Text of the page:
St. Valentine, a Man who Stood Firm

St. Valentine- InsideRomance, candy, cards and dates are, to many in our culture, what Valentine’s Day is all about. As children, many remember making valentine mailboxes or bags and bringing valentines for the other children in the class. Wives and girlfriends often expect a special date or treat from their husbands or boyfriends on this day and complain to the guy who doesn’t come through. The reason for the connection between the first Saint Valentine and the romantic side of life is a story in itself, one of a true believer who stood for the right to marry in a culture that valued military prowess over family.

The Catholic Church recognizes several Saint Valentines and even one pope. The particular saint acknowledged on Valentine’s Day is a real Christian who died for his faith during the reign of Emperor Claudius II (nicknamed Claudius the Cruel) who had banned all marriages and engagements in Rome. The need to build a strong army for Claudius was great because he was heavily engaged in empire expansion, a thoroughly bloody enterprise. Men had too strong attachments to their wives and families, Claudius believed, and all Roman men should be willing to fight for his empire. Many men believed differently, including Valentinus. (Greek name for Valentine) For a time, he secretly performed weddings for Roman Christians, in spite of the edict of Claudius the Cruel.

Eventually Roman henchmen discovered his ‘crime against the state,’ and Valentinus was captured. He was sentenced to death in 269 and suffered a three-part sentence of beating, stoning and decapitation because of his stand for marriage, the authority of God over the State and Christian liberty. The first historical Valentinus was a shining example of standing firm against an unjust, tyrannical leader. The rest of Valetinus’ story could be true or maybe a legend; the historians disagree on the details. Most historians agree on his existence, work and martyrdom, however, even secular historians.

 

The nation and times of St. Valentine

The Roman Empire had gone through military anarchy as Emperor Severus was assassinated by his own troops in 235. This initiated a period where Roman generals vied for the emperor’s crown; some of the generals were accepted by the Roman Senate, others were not. Claudius the II had spent all of his adult life in the Roman army and was promoted through the ranks until he obtained the command of the cavalry, under the reign of Emperor Gallieneus. He was thought by some to have murdered his predecessor, but his choice to spare the lives of the former emperor’s family silenced those accusations.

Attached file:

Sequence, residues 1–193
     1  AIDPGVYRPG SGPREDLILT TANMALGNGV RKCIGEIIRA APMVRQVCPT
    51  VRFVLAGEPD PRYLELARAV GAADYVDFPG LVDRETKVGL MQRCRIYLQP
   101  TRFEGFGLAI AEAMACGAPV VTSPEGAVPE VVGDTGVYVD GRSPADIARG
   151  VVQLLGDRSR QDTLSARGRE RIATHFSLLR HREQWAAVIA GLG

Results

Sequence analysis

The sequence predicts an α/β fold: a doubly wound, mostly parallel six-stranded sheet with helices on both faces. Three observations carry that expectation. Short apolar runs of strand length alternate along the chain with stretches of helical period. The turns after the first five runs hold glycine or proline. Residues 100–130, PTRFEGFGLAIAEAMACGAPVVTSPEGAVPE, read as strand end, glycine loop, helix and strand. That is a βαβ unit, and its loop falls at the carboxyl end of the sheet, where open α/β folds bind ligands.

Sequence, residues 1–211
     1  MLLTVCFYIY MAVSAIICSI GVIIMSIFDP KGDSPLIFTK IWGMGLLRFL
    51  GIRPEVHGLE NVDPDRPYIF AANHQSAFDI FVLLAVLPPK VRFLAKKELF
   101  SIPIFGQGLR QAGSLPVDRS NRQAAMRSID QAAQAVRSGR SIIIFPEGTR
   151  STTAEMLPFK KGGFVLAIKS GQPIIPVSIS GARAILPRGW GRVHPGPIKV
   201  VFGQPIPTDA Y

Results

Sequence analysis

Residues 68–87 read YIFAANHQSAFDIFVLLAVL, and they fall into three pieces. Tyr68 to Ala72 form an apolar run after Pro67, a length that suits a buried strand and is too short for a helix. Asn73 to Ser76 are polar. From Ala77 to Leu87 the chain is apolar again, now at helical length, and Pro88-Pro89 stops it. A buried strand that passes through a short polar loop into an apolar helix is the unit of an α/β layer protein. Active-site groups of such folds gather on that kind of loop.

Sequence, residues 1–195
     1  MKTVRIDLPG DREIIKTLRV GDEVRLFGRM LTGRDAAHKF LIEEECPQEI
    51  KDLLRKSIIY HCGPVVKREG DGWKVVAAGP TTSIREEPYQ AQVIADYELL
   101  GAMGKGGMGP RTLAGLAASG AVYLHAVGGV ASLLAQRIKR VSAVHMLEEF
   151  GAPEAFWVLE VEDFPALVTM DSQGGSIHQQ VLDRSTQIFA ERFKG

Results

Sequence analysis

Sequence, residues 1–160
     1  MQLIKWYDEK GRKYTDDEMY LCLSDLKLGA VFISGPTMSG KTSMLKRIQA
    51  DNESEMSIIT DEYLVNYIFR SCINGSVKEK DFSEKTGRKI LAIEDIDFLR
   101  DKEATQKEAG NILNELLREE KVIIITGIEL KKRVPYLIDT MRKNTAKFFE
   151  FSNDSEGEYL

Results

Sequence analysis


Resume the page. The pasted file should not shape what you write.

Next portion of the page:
The mercy shown to the family of Gallieneus was not to be extended to citizens Claudius II’s deputies believed were threats to his empire, however. Claudius II likely was not directly responsible for the death of St. Valentine, as he was busy quelling uprisings and claiming territory, but it is likely that his nation’s soldiers or deputies were directly responsible for Valentinus’ death.

The Roman senate had long ago abdicated its role as a check to the power of the emperors, by deifying them after their death. The senate had apparently taken this position after a popular Julius Caesar had defied the senate as he crossed the Rubicon. This, along with the devaluation of the denarius to one-tenth the original weight in silver, caused further decline in the rights of the citizens. Landowners who held little land could not successfully export their crops, so they sold their land to larger estate owners. The larger owners of land started to form their own manufacturing communities. Those who worked on the land began to move further out to the countryside to the protection of the manor owners. As the government saw the localization of the economy, the pride of Rome was emphasized, and those who dissented from emperor worship were persecuted, at least locally.

Another factor causing the Romans to persecute Christians was their separation from Roman society. Many Christians were pacifists, who refused to fight for the Roman government. Others were willing to fight but not willing to give up the right to marry and have a family. It is the protection of this right that caused Saint Valentine to refuse consent and exert his right under God to perform marriages for fellow believers.

 

St. Valentine’s lessons

Father O’Gara of Whitefriars Church in Dublin, Ireland, describes the situation: “I think we must bear in mind that it was a very permissive society in which Valentine lived,” said Father O’Gara. “Polygamy would have been much more popular than just one woman and one man living together. And yet some of them seemed to be attracted to Christian faith. But obviously the church thought that marriage was very sacred between one man and one woman for their life, and that it was to be encouraged. And so it immediately presented the problem to the Christian church of what to do about this.”

“The idea of encouraging them to marry within the Christian church was what Valentine was about. And he secretly married them because of the edict.”(Anyone may read the rest of the interview at www1.cbn.com/st-valentine-real-story) The lessons for believers and their leaders are clear. Leaders should, like Valentinus, exert their God-given responsibilities in all circumstances, even in times of trouble. Christians should be prepared to take a stand for Christ.

 

Penni Bulten is a homeschooling mom who is fascinated with the Founding Fathers and their faith. She can be reached at [email protected]

 

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